Environmental Crimes Money Laundering National Risk Assessment

Ingenia consultants
June 02, 2024



The Financial Action Task Force (“FATF”) revised its glossary in October 2021 to set out examples of environmental crimes. Countries should pay attention to environmental crimes, including criminal harvesting, extraction, or trafficking in protected species of wild flora and fauna (e.g., illegal wildlife trade and destruction of protected trees), precious stones and precious metals and other natural resources (e.g., illegal gold mining, illegal logging), and waste (e.g., trafficking hazardous industrial waste, illegal dumping)). The FATF also clarified that countries should consider environmental crimes irrespective of whether they are a source, transit, or destination country.

Regionally, Southeast Asia is home to some of the world’s largest illicit wildlife markets and plays a key role in the transportation of high-value, highly endangered, and illegally sourced wildlife for the regional market, other parts of Asia, and the global markets. The most common trade route for shipments seized in transit through Singapore is between Africa and East Asia. Southeast Asia is also home to transnational organised criminal networks involved in environmental crimes, including those that operate via large national and multinational enterprises at all levels of the supply chain from the source to consumer markets.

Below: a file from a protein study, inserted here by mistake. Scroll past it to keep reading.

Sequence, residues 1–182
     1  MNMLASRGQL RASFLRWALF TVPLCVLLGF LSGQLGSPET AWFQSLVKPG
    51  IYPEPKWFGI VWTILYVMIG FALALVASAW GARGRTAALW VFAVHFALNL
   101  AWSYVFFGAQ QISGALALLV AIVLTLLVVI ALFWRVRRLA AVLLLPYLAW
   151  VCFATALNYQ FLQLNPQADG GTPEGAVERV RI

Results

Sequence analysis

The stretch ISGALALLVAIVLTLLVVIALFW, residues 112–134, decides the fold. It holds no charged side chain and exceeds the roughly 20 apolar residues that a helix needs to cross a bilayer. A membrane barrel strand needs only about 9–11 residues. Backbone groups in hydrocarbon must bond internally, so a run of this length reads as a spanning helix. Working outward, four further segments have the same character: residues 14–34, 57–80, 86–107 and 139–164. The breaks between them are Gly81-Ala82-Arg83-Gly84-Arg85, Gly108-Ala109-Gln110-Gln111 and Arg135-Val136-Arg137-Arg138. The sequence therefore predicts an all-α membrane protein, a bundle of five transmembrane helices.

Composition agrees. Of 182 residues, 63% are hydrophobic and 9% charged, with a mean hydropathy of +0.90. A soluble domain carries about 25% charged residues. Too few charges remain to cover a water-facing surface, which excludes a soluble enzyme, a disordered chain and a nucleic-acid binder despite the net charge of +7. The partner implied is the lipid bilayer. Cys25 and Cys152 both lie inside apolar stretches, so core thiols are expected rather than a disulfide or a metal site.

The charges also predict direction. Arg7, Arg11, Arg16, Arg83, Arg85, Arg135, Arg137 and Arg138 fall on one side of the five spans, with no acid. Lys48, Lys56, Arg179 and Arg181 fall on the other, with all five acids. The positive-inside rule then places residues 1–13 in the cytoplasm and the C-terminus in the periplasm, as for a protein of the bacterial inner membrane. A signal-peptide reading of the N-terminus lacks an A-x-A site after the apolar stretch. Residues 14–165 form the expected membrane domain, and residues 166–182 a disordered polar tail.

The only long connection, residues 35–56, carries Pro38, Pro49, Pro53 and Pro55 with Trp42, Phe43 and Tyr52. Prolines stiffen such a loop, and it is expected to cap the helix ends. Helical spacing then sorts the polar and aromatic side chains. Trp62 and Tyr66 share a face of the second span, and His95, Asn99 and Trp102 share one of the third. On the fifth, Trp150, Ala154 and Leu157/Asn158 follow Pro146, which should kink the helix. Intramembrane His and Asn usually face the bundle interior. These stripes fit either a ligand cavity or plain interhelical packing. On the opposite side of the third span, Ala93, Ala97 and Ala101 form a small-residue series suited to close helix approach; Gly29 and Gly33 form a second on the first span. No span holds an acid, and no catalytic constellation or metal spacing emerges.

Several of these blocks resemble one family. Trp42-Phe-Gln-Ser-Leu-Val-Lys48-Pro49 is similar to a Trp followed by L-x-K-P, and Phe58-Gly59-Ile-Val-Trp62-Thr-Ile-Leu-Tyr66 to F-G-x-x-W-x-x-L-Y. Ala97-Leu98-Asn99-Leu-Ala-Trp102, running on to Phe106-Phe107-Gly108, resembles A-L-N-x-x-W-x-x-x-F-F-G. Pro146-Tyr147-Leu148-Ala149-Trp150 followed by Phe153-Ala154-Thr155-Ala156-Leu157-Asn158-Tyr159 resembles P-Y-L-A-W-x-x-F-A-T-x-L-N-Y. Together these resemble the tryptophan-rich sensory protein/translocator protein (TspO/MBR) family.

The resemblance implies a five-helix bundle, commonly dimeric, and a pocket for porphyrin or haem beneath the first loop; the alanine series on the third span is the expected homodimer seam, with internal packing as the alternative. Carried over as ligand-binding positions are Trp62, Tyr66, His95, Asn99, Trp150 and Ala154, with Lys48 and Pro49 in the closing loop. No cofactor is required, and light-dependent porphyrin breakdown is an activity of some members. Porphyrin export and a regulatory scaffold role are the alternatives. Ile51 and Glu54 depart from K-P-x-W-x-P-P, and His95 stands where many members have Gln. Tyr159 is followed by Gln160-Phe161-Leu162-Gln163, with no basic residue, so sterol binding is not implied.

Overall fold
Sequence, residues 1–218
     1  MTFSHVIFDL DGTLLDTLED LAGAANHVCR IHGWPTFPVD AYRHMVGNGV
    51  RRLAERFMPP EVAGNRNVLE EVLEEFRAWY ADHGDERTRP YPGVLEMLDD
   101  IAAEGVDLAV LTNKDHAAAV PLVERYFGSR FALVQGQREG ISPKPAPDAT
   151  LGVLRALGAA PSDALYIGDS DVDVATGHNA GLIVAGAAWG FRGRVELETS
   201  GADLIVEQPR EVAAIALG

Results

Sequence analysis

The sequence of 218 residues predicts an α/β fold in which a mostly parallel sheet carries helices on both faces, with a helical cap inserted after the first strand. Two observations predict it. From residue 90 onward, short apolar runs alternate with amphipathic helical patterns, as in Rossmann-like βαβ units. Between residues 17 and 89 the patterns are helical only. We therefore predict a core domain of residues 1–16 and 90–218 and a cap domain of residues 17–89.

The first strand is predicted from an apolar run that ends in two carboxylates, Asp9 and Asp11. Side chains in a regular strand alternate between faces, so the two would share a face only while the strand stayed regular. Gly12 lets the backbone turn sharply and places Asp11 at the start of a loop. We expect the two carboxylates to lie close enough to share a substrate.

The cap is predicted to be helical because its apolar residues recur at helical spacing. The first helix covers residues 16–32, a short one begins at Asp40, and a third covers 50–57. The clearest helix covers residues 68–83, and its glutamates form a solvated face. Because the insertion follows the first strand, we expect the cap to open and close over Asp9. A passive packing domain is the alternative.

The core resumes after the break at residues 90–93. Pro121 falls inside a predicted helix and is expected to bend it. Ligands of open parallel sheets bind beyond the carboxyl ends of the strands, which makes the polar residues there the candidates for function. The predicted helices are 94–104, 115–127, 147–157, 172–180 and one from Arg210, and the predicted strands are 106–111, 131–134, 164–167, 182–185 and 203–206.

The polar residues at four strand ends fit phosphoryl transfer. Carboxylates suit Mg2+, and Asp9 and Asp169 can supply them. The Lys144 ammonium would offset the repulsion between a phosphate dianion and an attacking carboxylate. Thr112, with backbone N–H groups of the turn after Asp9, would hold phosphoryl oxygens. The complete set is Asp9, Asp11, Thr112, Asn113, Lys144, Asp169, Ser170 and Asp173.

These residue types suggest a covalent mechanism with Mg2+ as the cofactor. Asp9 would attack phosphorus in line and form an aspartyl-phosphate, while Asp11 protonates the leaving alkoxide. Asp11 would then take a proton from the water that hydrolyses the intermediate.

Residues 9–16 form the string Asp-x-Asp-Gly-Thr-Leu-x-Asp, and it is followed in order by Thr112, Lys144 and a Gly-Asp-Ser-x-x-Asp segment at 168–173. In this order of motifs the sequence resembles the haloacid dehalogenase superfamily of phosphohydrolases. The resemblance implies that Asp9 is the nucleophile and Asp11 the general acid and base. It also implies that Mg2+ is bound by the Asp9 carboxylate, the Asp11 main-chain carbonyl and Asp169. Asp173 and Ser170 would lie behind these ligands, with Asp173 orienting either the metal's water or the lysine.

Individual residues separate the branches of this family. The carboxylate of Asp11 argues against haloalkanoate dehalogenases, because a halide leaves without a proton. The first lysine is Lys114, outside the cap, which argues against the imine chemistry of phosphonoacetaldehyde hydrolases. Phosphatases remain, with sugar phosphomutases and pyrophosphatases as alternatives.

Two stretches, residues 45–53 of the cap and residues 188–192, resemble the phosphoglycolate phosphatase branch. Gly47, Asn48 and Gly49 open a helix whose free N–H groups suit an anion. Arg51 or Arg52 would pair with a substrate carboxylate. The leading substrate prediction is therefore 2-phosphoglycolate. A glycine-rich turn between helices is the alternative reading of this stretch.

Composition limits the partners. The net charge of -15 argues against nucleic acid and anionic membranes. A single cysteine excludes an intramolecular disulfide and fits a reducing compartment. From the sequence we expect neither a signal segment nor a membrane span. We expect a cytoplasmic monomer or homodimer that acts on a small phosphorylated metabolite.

As an international financial centre and an international trading, transport and transhipment hub with a highly externally oriented economy and geographically located along the supply routes to countries such as China, Vietnam, and Indonesia, Singapore is vulnerable to these illegal trade flows. However, based on data from law enforcement authorities, the financial intelligence unit and the Attorney General’s Chambers, the money laundering threat arising from environmental crimes does not appear to be high. Nonetheless, law enforcement agencies have managed large transit seizures arising from environmental crimes in Singapore and the region.

Singapore’s legislative framework is aligned with FATF’s definition of environmental crimes under the FATF Glossary and covers a range of environmental crimes concerning flora and fauna, natural resources, and includes offences which are designated as money laundering predicate offences under the Corruption, Drug Trafficking and Other Serious Crimes (Confiscation of Benefits) Act 1992 (“CDSA”). Nonetheless, Singapore authorities are reviewing the foreign environmental crime threats that Singapore is exposed to and intend to expand the scope of the CDSA by 2024 to include relevant environmental offences (including those which emanate overseas but do not have a direct domestic equivalent, e.g. illegal logging, illegal waste trafficking) as predicate offences.